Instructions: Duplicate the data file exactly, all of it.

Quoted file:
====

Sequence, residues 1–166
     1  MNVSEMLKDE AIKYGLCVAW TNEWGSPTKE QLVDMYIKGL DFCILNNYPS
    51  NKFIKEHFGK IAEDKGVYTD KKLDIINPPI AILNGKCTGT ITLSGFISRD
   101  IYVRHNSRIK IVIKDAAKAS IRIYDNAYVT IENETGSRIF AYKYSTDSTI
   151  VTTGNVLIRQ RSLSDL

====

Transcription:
Sequence, residues 1–166
     1  MNVSEMLKDE AIKYGLCVAW TNEWGSPTKE QLVDMYIKGL DFCILNNYPS
    51  NKFIKEHFGK IAEDKGVYTD KKLDIINPPI AILNGKCTGT ITLSGFISRD
   101  IYVRHNSRIK IVIKDAAKAS IRIYDNAYVT IENETGSRIF AYKYSTDSTI
   151  VTTGNVLIRQ RSLSDL